Man there's no telling its different for some people. Right now its suppose to be backed up because of the Stimulus. Which I don't see why Stimulus affects it because we do are taxes and get our returns back the same way every year for the last 5 to 10 years. I can share with you what I've posted on others similar questions
My Federal Refund:
Your tax return is still being processed.A refund date will be provided when available.
A lot of taxpayers are in the same situation as you due to the IRS backlog right now. Although The IRS issues most refunds from e-filed returns in about 21 days, some returns take more time to review. In addition, the IRS is processing millions of returns, as well as stimulus checks, and they are doing everything they can to be as prompt as possible.
To find out where your refund is, first check your e-file status. If it's been accepted, you can begin to track your refund at the IRS Where's My Refund? site. You'll need your Social Security number or ITIN, filing status, and the exact amount of your refund to check your status.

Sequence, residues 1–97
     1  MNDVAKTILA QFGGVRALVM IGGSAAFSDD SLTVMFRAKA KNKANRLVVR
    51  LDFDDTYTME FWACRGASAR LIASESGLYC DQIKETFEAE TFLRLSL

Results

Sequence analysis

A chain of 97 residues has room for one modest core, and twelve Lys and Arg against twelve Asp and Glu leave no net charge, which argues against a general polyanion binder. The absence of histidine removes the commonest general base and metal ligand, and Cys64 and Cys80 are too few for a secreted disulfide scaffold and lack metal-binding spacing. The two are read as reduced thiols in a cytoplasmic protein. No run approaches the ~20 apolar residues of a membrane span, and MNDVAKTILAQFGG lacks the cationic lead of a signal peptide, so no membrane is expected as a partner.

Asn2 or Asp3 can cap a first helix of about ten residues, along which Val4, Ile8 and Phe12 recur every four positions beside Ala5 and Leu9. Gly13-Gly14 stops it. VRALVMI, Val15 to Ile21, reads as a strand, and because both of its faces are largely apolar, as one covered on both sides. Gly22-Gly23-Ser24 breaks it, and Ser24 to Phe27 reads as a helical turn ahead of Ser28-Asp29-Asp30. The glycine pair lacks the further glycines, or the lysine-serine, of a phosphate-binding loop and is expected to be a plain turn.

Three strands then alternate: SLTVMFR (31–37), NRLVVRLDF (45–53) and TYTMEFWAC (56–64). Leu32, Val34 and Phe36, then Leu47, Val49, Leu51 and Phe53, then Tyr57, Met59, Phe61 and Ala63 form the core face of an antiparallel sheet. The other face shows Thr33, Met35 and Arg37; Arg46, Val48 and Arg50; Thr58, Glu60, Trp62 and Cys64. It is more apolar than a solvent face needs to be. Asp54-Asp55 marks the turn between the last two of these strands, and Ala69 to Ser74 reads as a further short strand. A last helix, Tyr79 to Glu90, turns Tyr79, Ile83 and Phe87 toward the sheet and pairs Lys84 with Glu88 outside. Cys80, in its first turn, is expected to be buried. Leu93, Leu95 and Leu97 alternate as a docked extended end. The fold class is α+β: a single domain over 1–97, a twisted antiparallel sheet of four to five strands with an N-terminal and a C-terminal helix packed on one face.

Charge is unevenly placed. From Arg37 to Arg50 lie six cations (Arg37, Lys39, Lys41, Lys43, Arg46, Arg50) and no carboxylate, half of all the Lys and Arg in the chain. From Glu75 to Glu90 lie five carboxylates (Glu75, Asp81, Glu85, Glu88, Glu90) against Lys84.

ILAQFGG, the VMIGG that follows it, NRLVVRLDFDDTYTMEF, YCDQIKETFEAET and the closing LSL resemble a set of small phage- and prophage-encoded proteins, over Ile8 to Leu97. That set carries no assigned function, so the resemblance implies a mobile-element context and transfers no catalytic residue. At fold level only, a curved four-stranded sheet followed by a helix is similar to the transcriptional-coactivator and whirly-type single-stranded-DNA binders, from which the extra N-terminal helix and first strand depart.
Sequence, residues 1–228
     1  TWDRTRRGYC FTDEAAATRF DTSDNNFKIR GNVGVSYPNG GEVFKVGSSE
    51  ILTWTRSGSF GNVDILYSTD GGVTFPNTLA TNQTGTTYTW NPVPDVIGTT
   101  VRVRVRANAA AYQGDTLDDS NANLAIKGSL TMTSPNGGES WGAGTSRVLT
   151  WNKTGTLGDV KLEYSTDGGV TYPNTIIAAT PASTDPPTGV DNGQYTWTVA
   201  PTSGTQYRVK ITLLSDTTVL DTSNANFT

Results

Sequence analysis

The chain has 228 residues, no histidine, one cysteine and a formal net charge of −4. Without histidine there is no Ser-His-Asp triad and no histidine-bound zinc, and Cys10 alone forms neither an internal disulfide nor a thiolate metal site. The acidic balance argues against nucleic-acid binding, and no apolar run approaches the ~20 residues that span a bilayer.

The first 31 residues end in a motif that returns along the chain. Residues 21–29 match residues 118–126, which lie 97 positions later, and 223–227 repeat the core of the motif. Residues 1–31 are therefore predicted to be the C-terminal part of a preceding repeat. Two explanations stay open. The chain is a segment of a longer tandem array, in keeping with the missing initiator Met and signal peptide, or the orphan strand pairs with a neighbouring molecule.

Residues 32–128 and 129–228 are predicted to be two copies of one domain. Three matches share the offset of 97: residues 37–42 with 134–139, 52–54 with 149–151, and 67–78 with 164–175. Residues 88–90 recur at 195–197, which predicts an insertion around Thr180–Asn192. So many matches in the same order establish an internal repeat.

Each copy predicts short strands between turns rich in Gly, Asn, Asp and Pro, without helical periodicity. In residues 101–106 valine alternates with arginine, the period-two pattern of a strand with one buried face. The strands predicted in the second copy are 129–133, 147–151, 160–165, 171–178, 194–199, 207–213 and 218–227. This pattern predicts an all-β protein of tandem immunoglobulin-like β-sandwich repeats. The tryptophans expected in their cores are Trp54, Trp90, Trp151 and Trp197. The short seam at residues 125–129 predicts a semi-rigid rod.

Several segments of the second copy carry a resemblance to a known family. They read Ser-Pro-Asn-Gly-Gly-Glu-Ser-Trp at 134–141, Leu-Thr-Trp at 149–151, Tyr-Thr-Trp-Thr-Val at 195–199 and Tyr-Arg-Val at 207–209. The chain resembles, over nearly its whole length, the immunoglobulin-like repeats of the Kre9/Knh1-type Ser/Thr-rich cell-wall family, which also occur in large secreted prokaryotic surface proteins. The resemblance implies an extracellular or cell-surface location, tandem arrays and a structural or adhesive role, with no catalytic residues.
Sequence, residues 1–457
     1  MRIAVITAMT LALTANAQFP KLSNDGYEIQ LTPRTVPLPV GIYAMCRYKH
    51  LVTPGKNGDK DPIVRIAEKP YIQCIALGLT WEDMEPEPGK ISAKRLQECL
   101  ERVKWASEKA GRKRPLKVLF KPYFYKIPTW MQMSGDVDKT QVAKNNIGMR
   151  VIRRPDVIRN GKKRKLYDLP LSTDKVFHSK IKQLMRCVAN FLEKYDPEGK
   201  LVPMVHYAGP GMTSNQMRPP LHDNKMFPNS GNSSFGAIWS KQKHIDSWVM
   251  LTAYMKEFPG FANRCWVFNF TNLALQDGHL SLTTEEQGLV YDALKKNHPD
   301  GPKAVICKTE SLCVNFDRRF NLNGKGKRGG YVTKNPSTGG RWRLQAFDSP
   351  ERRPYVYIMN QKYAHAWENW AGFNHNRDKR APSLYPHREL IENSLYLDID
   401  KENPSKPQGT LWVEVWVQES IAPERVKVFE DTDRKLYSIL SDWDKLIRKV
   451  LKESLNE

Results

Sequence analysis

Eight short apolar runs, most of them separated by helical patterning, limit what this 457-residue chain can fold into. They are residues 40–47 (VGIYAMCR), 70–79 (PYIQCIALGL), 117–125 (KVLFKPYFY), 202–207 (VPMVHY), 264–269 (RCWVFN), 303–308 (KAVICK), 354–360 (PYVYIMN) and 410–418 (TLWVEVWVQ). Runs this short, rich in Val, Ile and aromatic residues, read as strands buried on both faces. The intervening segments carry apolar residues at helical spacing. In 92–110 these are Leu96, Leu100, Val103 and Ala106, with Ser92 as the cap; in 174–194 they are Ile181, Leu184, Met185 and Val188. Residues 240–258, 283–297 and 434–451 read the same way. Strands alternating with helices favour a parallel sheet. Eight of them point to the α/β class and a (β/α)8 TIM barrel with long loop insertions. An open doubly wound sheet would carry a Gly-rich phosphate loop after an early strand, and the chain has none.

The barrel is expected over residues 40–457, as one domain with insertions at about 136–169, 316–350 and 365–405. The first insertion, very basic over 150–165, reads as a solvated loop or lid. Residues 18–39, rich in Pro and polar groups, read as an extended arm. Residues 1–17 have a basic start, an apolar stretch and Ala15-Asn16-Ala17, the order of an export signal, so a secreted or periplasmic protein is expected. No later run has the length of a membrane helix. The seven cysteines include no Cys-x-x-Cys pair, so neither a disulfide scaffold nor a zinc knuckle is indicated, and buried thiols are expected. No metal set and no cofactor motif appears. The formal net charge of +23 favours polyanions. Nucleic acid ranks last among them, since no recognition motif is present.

For some taxpayers, PATH Act requirements and other identity-protection safeguards implemented by the IRS may account for longer wait times.
Other things that can delay your refund include, but are not limited to:
- Liens, back taxes, or refund offsets
- Errors, inconsistencies, or missing information
- Identity fraud
- Form 8379, Injured Spouse Allocation, which can take 11-14 weeks to process
Also, if you chose direct deposit, your financial institution may need another day or two to post the refund to your account, so keep that in mind.
I keep reading about how this stimulus check is affecting the tax return which I don't understand how the stimulus check is affecting our tax return? Or how it affects the people who don't qualify for it but have been accepted for my tax return. Tax returns are done the same way and on the same day every year. Which has been the same routine for the past 10 years if not more.
The stimulus payments are affecting processing in a number of ways. IRS employee resources are being diverted to processing those payments rather than tax returns and to answering heavy volumes of calls about the payments.
Also, more tax returns than typical for a given year are being diverted to manual queues due to mismatches between the amount a taxpayer reports as received in stimulus payments and the amounts shown as paid in the IRS database.
The IRS no longer issues refunds on a specific day each week. This practice was discontinued several years ago. Refunds are issued on every business day.
Overall processing is taking longer this year due to continued backlogs and staffing shortages. The delays are not entirely due to the stimulus payments.
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